6. Skyfall – Adele (Skyfall, 2012)
Adele took us back to the golden age of the big Bond theme in 2012, giving a memorable performance on the classy title track. The song, based around the classic descending three-chord progression so synonymous with Bond, was equally bold and restrained, accelerating towards an emphatic finish – much like the film itself.
5. Diamonds Are Forever — Shirley Bassey (Diamonds Are Forever, 1971)
It was a hard decision between this and Bassey’s other classic, Goldfinger, as to which should place higher on our list. Regardless, Diamonds Are Forever is a gold standard against which all the other Bond themes have since been judged. The sultry, sophisticatedly funky groove is the perfect backdrop for Bassey’s superbly wounded vocal performance.
4. Goldfinger – Shirley Bassey (Goldfinger, 1964)
It doesn’t get more quintessentially Bond than the opening orchestral swell and scream of brass on Goldfinger. It’s one of John Barry’s finest moments, and the delivery from Bassey is one of the all-time great diva performances. There’s fantastic use of dynamics in the orchestration throughout, and the way Bassey attacks her way through the track, delivering the lyrics with relish, is worth its weight in… well, gold.
3. Live And Let Die — Wings (Live and Let Die, 1973)
The first Bond theme ever nominated for an Oscar, and with good reason — it’s an absolute romp. We’ll excuse the awkward reggae bit in the middle (part of the film was set in Caribbean, but still, we’re not convinced) and just focus on that unbeatable main riff. When Macca and the gang are in full flow on this track, it’s impossible not to conjure images of a high-octane car chase or some death-defying fisticuffs. Superb.
2. You Only Live Twice — Nancy Sinatra (You Only Live Twice, 1967)
Surely John Barry’s finest production, You Only Live Twice is a swirling beauty. Orchestral breezes blow over Nancy Sinatra’s sumptuous tones, while Barry adeptly works in some traditional sounds from Japan, the country in which the film is set (he certainly handles those elements with more panaché than the film itself, whose tropes of the Far East are clumsy to say the very least). There are actually two versions of this song — a subsequent reworking by producer Lee Hazlewood added extra layers of guitar-led psychedelia — but it’s this original that endures as one of the most affecting Bond themes ever written.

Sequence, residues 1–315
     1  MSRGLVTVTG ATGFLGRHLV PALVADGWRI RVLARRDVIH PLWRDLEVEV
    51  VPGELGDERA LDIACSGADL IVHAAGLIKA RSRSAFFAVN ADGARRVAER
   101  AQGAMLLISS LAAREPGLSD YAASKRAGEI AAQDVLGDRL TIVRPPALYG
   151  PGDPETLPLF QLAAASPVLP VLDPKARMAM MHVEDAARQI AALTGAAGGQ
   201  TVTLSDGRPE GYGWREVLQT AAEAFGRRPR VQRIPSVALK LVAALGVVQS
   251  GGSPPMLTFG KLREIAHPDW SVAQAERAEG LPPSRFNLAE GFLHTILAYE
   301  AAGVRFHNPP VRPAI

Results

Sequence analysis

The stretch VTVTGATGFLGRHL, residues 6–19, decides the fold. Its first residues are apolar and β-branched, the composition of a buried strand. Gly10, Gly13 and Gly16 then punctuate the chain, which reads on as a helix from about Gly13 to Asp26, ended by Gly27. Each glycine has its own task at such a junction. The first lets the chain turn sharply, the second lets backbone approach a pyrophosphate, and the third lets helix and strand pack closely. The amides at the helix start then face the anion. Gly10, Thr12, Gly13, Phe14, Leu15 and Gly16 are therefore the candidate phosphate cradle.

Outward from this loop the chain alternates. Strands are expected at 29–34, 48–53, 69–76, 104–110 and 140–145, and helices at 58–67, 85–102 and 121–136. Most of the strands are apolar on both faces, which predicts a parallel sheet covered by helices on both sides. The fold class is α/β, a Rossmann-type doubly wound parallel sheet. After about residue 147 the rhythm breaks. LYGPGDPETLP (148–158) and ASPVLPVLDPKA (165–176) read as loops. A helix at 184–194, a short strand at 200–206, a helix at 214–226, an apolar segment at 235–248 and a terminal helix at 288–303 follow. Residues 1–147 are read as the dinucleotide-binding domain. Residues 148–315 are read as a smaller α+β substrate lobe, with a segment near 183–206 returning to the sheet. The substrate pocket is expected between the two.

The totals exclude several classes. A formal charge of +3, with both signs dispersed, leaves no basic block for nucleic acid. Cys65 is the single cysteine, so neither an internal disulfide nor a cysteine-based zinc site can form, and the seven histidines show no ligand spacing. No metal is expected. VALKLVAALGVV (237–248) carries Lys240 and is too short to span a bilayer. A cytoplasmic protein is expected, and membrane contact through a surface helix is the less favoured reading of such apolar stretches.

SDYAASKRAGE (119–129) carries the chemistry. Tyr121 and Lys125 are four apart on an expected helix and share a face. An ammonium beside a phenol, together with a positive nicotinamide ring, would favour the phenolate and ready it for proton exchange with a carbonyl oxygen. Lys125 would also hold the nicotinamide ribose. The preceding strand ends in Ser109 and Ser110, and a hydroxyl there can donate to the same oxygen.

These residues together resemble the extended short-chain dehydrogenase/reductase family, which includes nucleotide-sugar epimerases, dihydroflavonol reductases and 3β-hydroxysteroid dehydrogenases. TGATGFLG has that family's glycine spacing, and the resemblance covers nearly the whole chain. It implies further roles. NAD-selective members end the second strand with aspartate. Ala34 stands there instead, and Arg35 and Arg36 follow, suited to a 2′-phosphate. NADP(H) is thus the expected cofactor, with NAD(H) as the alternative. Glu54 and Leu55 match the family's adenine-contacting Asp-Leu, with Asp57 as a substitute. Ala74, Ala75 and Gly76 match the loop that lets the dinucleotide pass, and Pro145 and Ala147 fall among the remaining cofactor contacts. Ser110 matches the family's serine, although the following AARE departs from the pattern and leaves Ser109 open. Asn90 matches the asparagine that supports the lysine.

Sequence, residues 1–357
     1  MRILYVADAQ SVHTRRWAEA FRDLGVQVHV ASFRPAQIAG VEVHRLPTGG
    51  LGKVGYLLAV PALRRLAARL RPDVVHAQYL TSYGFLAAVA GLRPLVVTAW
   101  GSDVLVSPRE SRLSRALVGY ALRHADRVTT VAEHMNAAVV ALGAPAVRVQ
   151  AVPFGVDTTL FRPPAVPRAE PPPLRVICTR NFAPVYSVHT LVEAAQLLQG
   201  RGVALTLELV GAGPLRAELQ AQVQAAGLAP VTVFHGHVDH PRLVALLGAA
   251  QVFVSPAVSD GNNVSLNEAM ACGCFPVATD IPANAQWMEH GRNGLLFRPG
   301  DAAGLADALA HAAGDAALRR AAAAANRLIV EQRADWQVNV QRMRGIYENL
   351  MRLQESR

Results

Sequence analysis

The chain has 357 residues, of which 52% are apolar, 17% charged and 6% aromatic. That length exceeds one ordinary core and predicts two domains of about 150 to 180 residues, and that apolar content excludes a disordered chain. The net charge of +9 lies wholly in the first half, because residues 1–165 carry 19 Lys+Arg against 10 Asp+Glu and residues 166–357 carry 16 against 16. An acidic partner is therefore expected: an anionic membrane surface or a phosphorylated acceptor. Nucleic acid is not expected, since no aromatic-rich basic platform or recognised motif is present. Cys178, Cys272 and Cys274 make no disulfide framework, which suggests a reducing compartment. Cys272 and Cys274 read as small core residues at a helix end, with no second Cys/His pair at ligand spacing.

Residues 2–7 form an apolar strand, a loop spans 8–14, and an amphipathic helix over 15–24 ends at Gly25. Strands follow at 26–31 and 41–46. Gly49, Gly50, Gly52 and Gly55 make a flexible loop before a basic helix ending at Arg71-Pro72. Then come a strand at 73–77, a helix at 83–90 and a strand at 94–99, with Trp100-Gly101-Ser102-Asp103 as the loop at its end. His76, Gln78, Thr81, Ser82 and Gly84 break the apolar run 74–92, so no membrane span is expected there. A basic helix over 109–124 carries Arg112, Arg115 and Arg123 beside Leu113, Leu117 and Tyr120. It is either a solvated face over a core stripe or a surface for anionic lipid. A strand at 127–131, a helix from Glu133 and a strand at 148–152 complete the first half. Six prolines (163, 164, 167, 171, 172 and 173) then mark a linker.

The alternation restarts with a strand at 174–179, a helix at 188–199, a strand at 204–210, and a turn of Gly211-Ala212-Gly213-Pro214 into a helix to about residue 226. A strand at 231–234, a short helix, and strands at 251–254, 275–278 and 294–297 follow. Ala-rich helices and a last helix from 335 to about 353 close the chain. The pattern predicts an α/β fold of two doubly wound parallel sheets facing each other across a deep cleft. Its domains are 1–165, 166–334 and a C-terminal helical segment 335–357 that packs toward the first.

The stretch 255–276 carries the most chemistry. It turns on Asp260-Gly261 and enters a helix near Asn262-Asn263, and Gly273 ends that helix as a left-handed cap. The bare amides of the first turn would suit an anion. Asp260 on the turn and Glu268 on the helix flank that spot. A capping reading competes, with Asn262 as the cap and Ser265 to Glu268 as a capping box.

1. Nobody Does it Better – Carly Simon (The Spy Who Loved Me, 1977)
This perfect slice of power balladry has no real right to work as a James Bond theme, really – given how different it feels to other, more traditional songs in the franchise.
Carly Simon’s elegant tune was the first Bond song which didn’t share the name of the movie, and it’s a big departure from the norm. The writers knew how different the song was – the line “like heaven above me, the Spy Who Loved Me” was added late in the day by Carly Simon, almost to justify its status as a Bond theme. The strength of the writing alone, though, is what earns it a position at the top of our list.
The opening piano flourish instantly hooks the listener, and everything that comes after – from Simon’s impassioned delivery to the woozy strings and propulsive chord progression – is perfectly pitched and still keeps us shaken and stirred to this day.
It’s unshackled by some of the traditional hallmarks of Bond themes, and as a result it’s one of the only ones which manages to transcend the franchise completely – it’s not just one of the great movie themes, but one of the greatest pop songs of the 70s and beyond.